Lynne Reid Banks, author of The Indian in the Cupboard, dies aged 94 | Books

Lynne Reid Banks, author of The Indian in the Cupboard, dies aged 94 | Books

The author Lynne Reid Banks has died at the age of 94.

Known for books such as the children’s story The Indian in the Cupboard, she died of cancer “peacefully with her family around her” on Thursday afternoon, her agent, James Wills, said.

Her son Gillon Stephenson said she “leaves a massive legacy of wonderful work”, adding that every day he “receives messages from people saying what a difference she has made”.

The author was born in Barnes, south-west London, in 1929. She was evacuated with her mother and cousin Christopher in 1940 during the second world war to Saskatoon in the Canadian prairies for five years.

After returning to England, Reid Banks attended the Royal Academy of Dramatic Art (Rada) before becoming a secretary and a freelance journalist.

In 1955, she became one of the first female news reporters on British TV, appearing on ITN for six years where she interviewed stars including Charlie Chaplin, Audrey Hepburn, Rita Hayworth, Louis Armstrong and Agatha Christie.

During her downtime from journalism she wrote a novel, The L-Shaped Room, which was an unexpected hit and was later turned into a film, landing Leslie Caron an Oscar nomination for best actress, as well as a Bafta and Golden Globe award.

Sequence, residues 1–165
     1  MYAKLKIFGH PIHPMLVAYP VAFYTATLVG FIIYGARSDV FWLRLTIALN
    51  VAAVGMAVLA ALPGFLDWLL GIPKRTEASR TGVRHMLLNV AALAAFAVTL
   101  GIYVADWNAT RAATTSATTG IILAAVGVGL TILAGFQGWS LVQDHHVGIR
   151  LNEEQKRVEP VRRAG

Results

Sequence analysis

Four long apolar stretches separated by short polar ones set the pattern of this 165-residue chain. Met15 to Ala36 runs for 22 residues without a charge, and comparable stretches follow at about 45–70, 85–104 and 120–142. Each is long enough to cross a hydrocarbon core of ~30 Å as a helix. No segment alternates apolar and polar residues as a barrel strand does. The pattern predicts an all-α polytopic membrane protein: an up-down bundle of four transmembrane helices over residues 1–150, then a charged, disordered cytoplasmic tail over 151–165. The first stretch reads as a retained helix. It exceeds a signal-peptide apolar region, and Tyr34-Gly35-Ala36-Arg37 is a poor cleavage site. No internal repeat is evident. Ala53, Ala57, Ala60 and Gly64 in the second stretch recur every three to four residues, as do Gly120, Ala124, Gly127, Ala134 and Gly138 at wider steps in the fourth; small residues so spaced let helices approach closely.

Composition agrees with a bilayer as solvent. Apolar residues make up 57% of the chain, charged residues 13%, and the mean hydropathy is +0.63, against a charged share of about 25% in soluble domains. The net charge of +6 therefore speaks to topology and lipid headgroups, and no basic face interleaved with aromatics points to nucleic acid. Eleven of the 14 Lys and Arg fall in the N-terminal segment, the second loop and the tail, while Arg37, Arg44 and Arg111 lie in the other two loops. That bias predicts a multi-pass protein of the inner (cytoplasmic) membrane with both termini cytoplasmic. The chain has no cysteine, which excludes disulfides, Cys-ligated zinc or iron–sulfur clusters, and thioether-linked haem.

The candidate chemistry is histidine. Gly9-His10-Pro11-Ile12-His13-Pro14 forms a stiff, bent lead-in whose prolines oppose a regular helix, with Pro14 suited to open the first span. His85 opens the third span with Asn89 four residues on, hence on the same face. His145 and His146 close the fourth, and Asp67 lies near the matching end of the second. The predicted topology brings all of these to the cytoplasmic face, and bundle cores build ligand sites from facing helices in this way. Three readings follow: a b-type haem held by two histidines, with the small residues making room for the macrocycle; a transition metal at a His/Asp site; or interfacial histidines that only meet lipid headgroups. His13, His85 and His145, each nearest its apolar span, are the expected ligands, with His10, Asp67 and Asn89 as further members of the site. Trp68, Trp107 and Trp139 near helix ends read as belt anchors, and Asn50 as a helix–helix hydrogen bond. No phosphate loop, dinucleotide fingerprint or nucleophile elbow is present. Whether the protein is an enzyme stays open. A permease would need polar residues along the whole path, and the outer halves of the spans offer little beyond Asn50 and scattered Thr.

Caron played a young woman who is planning to have an abortion, but later rejects the idea, and rents an odd room in a boarding house where she falls in love with an aspiring actor.

In 1962, Reid Banks emigrated to Israel after meeting the Liverpool-born sculptor Chaim Stephenson, whom she later married. They had three sons.

Returning to England in 1971, Reid Banks said she “stumbled upon the idea of bringing a toy plastic American Indian to life in a magic cupboard” for a children’s book.

The first book from the series was released in 1980. A fantasy story about a boy whose toy magically comes to life, it was turned into a film in 1995 starring Steve Coogan and Richard Jenkins.

She wrote many children’s stories during her career, including The Red Red Dragon, Tiger Tiger, Angela and Diabola and the picture book The Spice Rack.

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